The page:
By Miranda Paikowski, Current Staff
Cheating is never a smart move, but it’s especially unwise to attempt to fool a statistics teacher.
Rebecca Carmichael, a West math teacher, unraveled a cheating scandal in her AP Statistics classes in January. The scandal resulted in at least 22 students being accused of using an answer key found online to better their semester exam, and every AP Stats student was required to retake the assessment.
On Jan. 14, Carmichael gave her students a long multiple-choice exam, allowing them to complete it in class the next day. One student decided to take advantage of the extra day, and wrote down a few questions from the exam with the intent of later searching for the test on the Internet. This particular individual came across the entire exam along with the answers.
Word spread fast.
“One student came into class and said, ‘I heard this was online,’” Carmichael said. This was the only student, out of every AP Stats class, who said anything about the scandal to a teacher. Principal Bill Greymont found that troubling.
“There is a responsibility for all students, whether they were involved or not. Students aware of what was happening should have explained the situation to an adult,” Greymont said.
It did not take long for both AP Stats teachers to realize that something was amiss with their students’ scores. On Jan. 15, they started to analyze the statistics. At least 12 out of 60 students in Carmichael’s class were suspected of using the unethical method to ace the exam. In the other AP Stats class taught by Todd Brahm in East, approximately 10 out of 80 students were also under suspicion.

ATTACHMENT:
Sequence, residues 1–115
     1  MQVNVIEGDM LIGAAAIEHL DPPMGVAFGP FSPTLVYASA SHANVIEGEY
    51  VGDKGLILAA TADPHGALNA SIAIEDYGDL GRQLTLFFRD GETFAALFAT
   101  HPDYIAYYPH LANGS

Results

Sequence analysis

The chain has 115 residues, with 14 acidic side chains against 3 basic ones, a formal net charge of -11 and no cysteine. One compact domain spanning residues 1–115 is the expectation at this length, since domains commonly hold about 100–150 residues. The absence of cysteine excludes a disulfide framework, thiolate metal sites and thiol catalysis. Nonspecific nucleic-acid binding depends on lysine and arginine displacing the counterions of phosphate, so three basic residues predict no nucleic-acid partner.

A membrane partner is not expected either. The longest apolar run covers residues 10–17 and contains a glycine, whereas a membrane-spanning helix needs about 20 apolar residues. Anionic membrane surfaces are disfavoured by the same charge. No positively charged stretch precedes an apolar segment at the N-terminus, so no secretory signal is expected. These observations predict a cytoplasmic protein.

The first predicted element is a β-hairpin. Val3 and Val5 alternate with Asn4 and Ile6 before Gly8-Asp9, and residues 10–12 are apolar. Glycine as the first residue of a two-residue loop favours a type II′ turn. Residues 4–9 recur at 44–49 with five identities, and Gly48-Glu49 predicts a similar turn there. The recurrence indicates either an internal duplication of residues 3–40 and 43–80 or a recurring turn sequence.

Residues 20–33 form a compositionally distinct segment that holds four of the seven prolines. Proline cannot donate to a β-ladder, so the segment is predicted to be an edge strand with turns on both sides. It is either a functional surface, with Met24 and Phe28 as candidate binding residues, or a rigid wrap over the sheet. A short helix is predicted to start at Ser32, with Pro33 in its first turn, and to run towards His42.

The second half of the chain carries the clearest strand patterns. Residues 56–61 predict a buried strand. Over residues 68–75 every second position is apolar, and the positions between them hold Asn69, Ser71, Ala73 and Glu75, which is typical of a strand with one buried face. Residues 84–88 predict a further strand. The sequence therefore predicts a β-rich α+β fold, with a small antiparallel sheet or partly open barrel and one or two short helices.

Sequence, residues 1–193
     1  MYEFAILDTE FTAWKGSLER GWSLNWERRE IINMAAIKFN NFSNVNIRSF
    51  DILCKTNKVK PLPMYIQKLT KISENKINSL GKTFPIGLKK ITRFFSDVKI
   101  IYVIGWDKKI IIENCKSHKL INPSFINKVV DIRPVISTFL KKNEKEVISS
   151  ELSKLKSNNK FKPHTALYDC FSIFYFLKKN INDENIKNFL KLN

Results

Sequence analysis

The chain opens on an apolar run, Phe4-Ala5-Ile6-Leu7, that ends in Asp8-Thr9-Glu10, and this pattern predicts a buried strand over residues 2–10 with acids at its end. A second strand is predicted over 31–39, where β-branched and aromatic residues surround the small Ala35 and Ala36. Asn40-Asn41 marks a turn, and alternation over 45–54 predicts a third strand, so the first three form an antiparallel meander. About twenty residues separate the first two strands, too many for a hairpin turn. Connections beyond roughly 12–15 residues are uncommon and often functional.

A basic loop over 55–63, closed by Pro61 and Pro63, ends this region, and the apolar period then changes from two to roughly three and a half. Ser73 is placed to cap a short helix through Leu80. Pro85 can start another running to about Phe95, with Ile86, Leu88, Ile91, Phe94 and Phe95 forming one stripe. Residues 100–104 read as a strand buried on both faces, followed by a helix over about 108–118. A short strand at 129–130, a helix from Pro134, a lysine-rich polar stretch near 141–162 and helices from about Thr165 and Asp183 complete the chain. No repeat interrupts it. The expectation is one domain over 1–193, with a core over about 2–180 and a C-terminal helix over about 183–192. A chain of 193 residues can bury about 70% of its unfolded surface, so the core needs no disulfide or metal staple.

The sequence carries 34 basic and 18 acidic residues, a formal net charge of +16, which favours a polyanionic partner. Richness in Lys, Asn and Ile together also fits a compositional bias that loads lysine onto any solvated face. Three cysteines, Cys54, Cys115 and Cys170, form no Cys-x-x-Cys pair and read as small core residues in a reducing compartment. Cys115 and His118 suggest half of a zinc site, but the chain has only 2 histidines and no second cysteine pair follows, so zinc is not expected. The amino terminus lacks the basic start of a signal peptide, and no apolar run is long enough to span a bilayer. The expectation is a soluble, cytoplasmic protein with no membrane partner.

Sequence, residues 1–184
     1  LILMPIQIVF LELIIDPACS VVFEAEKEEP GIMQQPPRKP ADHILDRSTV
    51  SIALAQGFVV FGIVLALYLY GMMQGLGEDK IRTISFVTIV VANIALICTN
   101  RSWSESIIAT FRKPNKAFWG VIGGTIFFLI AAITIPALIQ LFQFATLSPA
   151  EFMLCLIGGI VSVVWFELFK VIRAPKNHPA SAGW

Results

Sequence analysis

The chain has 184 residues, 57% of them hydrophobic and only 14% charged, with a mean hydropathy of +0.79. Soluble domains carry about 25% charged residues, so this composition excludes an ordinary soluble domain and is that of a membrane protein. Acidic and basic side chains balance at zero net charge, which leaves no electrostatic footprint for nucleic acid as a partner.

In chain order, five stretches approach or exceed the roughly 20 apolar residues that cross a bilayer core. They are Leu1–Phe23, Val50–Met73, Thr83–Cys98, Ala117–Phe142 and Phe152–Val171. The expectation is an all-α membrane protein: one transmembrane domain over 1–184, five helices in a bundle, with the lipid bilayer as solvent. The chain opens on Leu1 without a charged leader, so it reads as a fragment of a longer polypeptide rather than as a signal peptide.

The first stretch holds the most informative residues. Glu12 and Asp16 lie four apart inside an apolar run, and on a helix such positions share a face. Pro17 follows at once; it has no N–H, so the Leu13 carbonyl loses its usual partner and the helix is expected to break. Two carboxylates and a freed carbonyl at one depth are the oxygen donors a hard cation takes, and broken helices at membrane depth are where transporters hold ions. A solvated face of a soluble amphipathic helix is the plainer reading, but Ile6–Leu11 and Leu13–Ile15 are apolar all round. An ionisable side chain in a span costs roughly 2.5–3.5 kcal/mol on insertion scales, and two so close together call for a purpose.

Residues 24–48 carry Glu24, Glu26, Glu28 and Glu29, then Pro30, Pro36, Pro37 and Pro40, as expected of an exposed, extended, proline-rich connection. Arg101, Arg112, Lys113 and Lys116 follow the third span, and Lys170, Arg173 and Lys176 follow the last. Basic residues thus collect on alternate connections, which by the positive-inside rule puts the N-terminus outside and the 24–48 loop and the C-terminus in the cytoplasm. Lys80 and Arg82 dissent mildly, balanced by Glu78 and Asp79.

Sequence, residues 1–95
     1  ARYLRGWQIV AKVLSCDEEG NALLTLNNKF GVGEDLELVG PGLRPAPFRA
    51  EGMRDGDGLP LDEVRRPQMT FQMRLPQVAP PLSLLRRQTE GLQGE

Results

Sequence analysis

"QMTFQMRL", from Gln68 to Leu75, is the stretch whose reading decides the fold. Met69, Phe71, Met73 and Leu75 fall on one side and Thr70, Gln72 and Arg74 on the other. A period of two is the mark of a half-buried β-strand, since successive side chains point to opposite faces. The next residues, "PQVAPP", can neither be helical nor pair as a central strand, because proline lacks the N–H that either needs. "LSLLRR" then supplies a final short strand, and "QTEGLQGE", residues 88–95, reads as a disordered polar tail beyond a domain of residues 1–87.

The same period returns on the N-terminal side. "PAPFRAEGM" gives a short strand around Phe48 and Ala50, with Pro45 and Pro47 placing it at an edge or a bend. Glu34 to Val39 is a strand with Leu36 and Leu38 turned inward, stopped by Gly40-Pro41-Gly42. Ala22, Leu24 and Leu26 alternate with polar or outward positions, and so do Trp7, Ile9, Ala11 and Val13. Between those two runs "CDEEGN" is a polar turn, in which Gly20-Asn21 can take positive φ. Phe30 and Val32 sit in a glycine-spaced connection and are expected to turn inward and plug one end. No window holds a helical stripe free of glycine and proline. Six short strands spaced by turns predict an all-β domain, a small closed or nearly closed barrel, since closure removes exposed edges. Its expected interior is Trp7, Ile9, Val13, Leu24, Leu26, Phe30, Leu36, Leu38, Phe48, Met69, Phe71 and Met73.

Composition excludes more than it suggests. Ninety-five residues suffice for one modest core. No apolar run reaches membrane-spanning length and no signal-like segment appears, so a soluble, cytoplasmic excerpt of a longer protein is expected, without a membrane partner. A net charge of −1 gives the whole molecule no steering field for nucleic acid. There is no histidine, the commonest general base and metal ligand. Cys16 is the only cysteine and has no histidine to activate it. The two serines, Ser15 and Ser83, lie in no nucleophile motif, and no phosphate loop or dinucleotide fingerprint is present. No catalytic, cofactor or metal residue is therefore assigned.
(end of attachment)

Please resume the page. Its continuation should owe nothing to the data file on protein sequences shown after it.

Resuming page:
“There were students that scored artificially higher than what they should have normally scored,” Brahm said. He explained that it is extremely unlikely that a student with a D in the class would earn an A on the semester exam. According to Carmichael, it is rare for any student to score better on the exam than they would have typically scored on any other test day. The impact of the cheating was especially apparent as the average score for the first exam was 74 percent and the retake exam’s average was 61 percent.
According to assistant principal Dave Uelmen, there could be no punishment given by the administration for the cheating incident, as this was the first offense for many of the participants. The decision of proper punishment was left to the statistics teachers. Both Carmichael and Brahm said that they wanted to avoid a harsh punishment.